Malachi and Luke have spoken to us about purification. The Hebrews, like many ancient cultures, were interested in ritual purity. Life was a mystery, and anything associated with the beginning or ending of life was surrounded by ritual: birth, death, loss or exchange of body fluids, etc. So, after the birth of Jesus, Mary needed to participate in some ceremonies to be purified after giving birth. There was also a matter of a ceremonial “buying back” of first born sons from God, since the Law stipulated that every first born male belongs to God.
Luke is perhaps a bit confused about all the details of the ritual in the story, but that is not surprising, seeing how our own traditions and customs have changed over time. The truly striking thing in this story, though, has nothing to do with any temple ceremonies – the ceremonies only lead up to the last couple of verses: “When they had finished everything required by the Law of the Lord, they returned to Galilee, to their own town of Nazareth. The child grew and became strong, filled with wisdom; and the favor of the Lord was upon him.” That is an awfully ordinary ending to a story that includes angels announcing the pregnancy, angels announcing the birth, wise men offering expensive gifts, and prophecies sung by two old saints. After all that: they go home, like any other family. But the very ordinariness of it is one of the biggest causes of joy that we have: Jesus is just like us. Jesus is God, of course, but Jesus is also fully human.
We don’t have a lot of details about the family after they left the temple and went home. The information we do have suggests more ordinariness, with only a few hints here and there that God in the flesh was growing up in their home. It would be safe to assume that Jesus had a childhood and adolescence similar to other boys in Nazareth – perhaps he played games and received the schooling that was common at the time. Maybe as a teenager he was moody, perhaps he had a crush on someone. All the while, he remained fully human, and fully God.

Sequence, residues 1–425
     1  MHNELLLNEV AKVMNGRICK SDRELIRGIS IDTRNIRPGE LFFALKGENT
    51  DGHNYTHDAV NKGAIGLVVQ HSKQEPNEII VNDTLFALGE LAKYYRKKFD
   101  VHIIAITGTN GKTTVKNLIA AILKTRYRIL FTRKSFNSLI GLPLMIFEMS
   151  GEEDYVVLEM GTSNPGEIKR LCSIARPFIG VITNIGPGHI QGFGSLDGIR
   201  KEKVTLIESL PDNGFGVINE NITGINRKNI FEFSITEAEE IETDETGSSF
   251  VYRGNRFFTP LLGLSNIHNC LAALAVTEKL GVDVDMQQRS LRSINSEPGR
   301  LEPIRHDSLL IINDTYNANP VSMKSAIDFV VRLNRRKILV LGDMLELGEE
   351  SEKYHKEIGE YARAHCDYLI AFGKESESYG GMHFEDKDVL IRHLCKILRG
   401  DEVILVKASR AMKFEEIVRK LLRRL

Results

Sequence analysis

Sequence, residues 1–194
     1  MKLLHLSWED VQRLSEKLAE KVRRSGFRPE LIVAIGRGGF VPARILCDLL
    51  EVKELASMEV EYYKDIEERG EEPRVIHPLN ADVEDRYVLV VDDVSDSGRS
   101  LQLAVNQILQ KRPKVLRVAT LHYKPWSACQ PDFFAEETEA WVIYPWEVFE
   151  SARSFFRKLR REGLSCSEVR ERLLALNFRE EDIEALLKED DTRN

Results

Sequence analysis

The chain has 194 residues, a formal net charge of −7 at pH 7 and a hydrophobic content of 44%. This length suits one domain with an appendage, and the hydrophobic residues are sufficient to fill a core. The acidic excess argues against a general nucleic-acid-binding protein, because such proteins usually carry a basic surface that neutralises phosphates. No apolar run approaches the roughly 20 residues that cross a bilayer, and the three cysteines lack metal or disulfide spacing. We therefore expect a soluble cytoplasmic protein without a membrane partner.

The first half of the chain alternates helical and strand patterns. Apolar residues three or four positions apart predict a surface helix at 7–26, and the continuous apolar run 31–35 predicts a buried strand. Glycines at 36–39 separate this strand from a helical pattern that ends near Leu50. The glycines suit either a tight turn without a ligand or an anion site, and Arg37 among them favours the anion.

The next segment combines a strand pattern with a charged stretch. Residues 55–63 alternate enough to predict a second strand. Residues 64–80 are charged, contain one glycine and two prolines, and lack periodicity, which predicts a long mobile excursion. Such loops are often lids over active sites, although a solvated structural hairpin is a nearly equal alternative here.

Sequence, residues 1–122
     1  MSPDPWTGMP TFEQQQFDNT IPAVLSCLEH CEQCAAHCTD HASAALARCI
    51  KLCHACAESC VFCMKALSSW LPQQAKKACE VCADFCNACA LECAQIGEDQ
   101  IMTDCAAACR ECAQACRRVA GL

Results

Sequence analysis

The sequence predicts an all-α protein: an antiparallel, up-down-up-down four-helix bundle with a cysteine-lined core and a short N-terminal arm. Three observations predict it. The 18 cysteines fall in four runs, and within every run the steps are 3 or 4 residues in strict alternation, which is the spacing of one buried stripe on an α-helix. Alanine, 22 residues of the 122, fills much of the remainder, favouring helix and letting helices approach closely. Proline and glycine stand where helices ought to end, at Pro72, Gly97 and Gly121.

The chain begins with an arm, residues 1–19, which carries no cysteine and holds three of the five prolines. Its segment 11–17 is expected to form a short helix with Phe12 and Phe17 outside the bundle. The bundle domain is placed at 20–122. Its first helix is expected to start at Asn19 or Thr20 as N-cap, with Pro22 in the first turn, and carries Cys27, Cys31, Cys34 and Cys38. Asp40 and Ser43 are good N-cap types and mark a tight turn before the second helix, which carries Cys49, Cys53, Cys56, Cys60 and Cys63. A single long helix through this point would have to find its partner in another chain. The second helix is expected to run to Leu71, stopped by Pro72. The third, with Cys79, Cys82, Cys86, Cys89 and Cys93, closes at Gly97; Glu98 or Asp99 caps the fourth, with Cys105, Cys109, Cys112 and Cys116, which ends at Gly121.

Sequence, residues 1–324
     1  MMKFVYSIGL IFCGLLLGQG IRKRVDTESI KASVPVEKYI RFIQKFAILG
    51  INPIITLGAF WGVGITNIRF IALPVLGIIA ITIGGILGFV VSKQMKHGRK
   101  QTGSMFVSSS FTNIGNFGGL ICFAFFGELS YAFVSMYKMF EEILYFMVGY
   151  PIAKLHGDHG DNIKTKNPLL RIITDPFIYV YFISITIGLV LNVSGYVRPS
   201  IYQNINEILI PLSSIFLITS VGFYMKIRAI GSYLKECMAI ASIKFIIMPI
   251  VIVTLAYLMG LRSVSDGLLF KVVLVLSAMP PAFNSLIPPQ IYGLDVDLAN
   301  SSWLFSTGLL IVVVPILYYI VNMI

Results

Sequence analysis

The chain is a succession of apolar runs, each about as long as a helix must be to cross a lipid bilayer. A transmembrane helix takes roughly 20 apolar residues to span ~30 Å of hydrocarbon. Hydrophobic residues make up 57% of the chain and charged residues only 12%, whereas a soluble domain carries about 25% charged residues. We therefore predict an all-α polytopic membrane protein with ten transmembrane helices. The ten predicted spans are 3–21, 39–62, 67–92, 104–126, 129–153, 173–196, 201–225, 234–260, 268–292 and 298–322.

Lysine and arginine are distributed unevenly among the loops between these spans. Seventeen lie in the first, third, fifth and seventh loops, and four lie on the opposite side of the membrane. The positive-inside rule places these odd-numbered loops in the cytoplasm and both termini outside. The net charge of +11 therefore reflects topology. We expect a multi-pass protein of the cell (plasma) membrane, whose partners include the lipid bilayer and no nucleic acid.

The Letter to the Hebrews we just read speaks of how Jesus experienced life the same way as the rest of us: “Therefore, he had to become like his brothers and sisters in every respect…”. The letter then explains why he had to experience all of human life: “so that he might be a merciful and faithful high priest in the service of God, to make a sacrifice of atonement for the sins of the people.” Gregory of Nazianzus puts it this way:” What is not assumed is not redeemed.” Thinking about it can lead to a lot of speculation about the full extent of Jesus’s experiences: did he experience every single emotion that anyone has ever felt, did he experience every single temptation that anyone has ever had? Maybe he did – maybe we all do. What we do know is that God loves us and likes us so much that he became one of us , so that, in a way we can never fully understand, he could bring us back to himself and back to the fullness of life that we toss away through pride, pettiness, and greed.
The Letter to the Hebrews goes on to say: “Because he himself was tested by what he suffered, he is able to help those who are being tested.” None of us can honestly say to anyone else: “I know how you feel.” God can say that, though, because God knows exactly how we feel. Once a friend’s daughter asked the adults sitting in the room if God cries. No one answered, we were so blown away by the profound question of a kindergarten student. The answer, of course, is – Yes, God cries. God cries whenever we do, and thankfully, God cries at times that we can’t or simply won’t cry. God really does know how we feel. God took on all our human experience willingly – the good and the bad. Just as Jesus was presented in the temple, so we can now present all of our life to God – the good and the bad, and God will understand it and accept it. Every tear, every sigh, every lump in the throat and knot in the stomach, every trembling hand and knee – we can know full well that God knows and God understands. Even at our weakest moments when we are ashamed of ourselves, we can stand before God and present ourselves as an acceptable sacrifice. When we are not too sure if we can follow Jesus by carrying our crosses, God understands that, too, because when Jesus was carrying his cross, he stumbled and had to have help.
Of course, we can’t simply fall into complacency or despair, because for the same reason God knows our weaknesses, God also knows our strengths. God knows that we can persevere and achieve amazing things because he did, and he offers us help in doing all that we set out to do.
So here we have little baby Jesus, being presented in the temple to God. Like Simeon and Anna, we can rejoice in this light to enlighten the nations. We can also present ourselves to God, with the assurance that we are perfectly acceptable, since we are God’s temple, and Jesus our high priest has purified us. AMEN